Reports from BNY Mellon Asset Management and Mercer show the funded status of corporate defined benefit plans continued to improve in February, boosted by strong equity returns while discount rates remained low.
BNY Mellon Asset Management reported the typical U.S. corporate pension plan’s funding ratio increased to 76.2% last month, from 74.1% in January, while Mercer found that S&P 1500 companies’ defined benefit plans had an aggregate funding ratio of 79% in February, up from 78% in January.
U.S. equities returned more than 4% in February. The typical discount rate increased three basis points to 4.33, according to BNY Mellon, while Mercer reports rates on high-quality corporate pension plans dropped seven basis points.
It was the fifth straight month equities have posted a positive return. Rallying markets also have helped assets increase 6.2% for the first two months of the year, while liabilities have grown at 0.9% for the typical defined benefit plan, according to BNY Mellon. But Jeffrey B. Saef, managing director at BNY Mellon Asset Management and head of its investment strategy and solutions group, said pension plan executives remain “wary” about a turnaround.
“I don’t want to get overconfident with what equity markets have shown over the first eight weeks,” Mr. Saef said in a telephone interview. “I do not think the positive turn in equity markets will change (plan sponsors’ wanting) to reduce funding status risk."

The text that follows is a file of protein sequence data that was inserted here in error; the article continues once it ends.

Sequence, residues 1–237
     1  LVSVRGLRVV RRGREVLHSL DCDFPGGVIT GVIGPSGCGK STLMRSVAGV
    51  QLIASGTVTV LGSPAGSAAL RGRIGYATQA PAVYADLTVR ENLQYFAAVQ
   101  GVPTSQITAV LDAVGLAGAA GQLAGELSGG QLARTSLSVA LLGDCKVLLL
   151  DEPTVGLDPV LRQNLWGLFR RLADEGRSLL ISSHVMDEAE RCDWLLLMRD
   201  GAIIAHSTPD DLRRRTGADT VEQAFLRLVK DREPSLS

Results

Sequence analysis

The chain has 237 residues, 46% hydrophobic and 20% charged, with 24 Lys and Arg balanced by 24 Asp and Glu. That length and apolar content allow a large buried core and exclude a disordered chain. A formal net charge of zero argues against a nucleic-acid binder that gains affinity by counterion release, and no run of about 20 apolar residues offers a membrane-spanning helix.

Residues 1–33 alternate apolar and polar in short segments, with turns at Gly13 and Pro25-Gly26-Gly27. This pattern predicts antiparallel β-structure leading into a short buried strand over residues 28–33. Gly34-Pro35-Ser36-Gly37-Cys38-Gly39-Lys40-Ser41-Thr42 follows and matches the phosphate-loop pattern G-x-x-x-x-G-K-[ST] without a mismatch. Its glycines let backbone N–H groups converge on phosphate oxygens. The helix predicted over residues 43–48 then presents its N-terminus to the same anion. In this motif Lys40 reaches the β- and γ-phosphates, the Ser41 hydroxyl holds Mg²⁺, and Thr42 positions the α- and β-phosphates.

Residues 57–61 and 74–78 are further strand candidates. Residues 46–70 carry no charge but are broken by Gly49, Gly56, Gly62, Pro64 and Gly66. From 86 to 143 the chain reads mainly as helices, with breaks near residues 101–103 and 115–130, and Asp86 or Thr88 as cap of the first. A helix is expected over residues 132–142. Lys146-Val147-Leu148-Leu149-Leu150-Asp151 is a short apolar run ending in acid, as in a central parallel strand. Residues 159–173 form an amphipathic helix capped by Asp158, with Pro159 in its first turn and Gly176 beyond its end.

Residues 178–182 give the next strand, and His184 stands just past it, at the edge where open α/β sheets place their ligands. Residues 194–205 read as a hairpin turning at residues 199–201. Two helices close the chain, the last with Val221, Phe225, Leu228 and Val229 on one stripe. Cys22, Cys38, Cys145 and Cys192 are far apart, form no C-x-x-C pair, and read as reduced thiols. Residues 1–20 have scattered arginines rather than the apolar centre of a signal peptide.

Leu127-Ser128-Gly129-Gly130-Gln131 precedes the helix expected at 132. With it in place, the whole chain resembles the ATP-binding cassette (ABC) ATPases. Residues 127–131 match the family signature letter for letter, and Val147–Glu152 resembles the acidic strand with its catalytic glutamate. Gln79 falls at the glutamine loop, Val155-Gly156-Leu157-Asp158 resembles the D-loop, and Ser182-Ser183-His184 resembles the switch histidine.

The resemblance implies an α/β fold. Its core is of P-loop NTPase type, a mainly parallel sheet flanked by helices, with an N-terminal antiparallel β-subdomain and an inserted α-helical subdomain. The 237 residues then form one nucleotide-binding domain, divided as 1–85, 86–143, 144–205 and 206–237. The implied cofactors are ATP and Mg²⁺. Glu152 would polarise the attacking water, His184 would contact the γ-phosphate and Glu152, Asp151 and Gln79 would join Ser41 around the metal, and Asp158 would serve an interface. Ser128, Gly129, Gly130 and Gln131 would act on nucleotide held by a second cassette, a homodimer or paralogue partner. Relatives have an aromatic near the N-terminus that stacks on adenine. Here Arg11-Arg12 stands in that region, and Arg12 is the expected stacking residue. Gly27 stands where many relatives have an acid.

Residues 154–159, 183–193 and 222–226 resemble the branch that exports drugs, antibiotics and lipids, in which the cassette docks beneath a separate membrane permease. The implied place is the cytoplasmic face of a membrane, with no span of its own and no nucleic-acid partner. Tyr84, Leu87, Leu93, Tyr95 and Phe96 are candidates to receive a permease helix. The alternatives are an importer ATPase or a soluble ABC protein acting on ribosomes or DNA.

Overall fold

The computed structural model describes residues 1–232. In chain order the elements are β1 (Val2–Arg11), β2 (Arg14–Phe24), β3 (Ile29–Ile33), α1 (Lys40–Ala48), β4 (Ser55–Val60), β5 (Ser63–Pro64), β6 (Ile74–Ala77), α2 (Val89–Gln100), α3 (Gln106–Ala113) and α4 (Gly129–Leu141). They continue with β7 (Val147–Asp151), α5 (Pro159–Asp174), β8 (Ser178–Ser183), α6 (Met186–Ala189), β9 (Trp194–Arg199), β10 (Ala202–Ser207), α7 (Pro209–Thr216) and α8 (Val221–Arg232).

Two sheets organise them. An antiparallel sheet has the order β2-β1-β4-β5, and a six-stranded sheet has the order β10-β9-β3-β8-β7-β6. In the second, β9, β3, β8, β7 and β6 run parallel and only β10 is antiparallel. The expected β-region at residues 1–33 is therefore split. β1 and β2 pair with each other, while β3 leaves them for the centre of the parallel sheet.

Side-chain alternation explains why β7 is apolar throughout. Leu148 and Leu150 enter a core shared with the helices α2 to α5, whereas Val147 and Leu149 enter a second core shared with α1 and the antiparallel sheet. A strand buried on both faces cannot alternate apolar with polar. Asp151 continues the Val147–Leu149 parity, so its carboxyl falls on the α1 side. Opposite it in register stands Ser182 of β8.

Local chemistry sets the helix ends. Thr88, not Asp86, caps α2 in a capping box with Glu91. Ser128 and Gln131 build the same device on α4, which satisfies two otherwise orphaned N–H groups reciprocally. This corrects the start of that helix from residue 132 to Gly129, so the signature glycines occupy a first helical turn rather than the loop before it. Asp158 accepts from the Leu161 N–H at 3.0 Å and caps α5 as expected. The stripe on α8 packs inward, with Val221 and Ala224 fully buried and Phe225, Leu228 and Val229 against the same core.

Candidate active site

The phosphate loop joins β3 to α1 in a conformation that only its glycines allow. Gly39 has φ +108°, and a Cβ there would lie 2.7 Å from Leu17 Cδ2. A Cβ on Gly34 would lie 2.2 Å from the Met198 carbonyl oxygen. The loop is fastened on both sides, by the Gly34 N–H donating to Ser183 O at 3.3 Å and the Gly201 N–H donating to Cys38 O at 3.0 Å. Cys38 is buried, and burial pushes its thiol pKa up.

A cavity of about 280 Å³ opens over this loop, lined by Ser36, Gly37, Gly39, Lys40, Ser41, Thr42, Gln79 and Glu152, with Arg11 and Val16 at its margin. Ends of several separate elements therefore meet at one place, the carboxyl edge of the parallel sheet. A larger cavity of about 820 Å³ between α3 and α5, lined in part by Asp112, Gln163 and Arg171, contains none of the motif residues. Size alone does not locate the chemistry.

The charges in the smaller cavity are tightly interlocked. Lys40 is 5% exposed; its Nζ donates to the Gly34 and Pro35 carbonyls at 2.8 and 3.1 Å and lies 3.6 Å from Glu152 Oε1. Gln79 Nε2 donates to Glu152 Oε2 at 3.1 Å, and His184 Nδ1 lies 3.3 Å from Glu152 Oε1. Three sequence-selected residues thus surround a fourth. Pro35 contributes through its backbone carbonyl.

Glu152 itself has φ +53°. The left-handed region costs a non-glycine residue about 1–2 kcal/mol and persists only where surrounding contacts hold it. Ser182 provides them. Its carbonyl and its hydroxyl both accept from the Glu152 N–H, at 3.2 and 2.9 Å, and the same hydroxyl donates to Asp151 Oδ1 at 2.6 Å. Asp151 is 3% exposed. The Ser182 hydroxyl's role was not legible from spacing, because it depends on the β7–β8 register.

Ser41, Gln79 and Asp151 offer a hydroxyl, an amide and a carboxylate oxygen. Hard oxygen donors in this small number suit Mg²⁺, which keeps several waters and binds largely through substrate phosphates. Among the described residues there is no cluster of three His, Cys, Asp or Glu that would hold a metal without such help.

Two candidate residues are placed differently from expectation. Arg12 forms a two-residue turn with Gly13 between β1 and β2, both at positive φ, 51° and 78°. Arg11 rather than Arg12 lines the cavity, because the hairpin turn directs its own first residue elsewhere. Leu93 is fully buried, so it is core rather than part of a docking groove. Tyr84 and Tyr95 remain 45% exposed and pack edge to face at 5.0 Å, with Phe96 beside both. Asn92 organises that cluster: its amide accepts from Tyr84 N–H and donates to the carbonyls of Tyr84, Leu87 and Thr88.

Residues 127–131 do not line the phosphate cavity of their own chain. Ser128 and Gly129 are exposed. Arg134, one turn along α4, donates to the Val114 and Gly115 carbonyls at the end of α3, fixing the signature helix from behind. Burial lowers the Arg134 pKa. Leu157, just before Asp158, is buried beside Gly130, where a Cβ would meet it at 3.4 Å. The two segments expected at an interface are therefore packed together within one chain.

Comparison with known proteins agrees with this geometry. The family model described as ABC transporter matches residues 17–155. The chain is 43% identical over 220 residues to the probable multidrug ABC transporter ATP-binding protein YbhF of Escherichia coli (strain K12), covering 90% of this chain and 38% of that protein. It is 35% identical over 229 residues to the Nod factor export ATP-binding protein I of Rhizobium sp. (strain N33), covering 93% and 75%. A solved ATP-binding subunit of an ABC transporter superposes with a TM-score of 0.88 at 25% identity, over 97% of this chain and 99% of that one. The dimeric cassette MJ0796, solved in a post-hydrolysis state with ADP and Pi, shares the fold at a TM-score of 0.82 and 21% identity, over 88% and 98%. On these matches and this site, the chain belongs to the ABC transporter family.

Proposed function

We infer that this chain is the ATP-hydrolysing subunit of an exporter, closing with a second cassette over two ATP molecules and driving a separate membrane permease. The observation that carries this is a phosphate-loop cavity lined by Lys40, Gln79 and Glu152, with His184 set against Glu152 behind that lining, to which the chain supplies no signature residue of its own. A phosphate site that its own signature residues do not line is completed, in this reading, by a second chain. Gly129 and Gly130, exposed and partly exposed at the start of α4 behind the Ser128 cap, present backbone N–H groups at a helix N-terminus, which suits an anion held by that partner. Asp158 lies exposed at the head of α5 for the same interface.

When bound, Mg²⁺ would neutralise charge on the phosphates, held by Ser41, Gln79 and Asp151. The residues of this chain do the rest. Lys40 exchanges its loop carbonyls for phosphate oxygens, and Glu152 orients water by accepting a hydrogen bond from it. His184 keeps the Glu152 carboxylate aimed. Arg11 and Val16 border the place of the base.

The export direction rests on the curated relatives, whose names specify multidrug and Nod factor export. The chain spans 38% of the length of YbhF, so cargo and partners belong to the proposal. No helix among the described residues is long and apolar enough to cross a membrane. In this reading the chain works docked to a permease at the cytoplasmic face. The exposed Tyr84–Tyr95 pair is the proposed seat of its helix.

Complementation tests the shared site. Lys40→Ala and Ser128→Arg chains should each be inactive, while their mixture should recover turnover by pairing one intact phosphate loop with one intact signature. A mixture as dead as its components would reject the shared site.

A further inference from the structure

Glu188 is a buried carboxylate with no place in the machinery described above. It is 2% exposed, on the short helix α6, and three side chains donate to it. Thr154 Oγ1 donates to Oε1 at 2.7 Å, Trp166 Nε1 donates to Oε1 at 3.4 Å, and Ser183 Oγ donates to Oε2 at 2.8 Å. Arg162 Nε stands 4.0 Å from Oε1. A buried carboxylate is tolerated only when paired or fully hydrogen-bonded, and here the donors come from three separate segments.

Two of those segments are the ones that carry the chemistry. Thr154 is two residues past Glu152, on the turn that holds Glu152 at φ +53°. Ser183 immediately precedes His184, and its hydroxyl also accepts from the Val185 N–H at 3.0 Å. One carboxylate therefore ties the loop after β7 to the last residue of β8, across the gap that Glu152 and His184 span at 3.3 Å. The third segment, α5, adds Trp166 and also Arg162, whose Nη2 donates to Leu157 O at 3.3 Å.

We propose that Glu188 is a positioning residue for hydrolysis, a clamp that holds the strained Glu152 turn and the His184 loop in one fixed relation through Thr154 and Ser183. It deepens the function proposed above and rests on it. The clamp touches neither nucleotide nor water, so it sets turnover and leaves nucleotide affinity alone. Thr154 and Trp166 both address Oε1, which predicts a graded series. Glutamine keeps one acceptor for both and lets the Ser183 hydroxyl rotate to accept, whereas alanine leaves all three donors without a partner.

Mr. Saef said the beginning of 2012 has reminded him of the first quarter of 2011 when equities started strong before reversing course. The difference this time around, he said, is that the European debt crisis has more clarity now, with the risk premium going down for investors.
With interest rates expected to remain low through 2014, corporate pension plans are expected to increase contributions by 30% to 40% this year from $50 billion in 2011, according to Mercer’s report. Discretionary contributions to pension funds also have been increasing in the last few months to further help fund plans and should continue in 2012, said Jonathan Barry, partner with Mercer’s retirement risk and finance consulting group.
“One thing that’s very interesting is we saw similar improved funding status in the first few months of 2011 and that all crashed away,” Mr. Barry said in a telephone interview. More plan sponsors have discussed strategies to reduce risk in the past year, and some plans are now executing risk strategies as funding levels improve, he said.
The estimated aggregate value of pension plan assets of the S&P 1500 companies as of Feb. 29 was $1.54 trillion, up from $1.5 trillion as of Jan. 31. Liabilities increased to $1.95 trillion from $1.93 trillion during the same time period.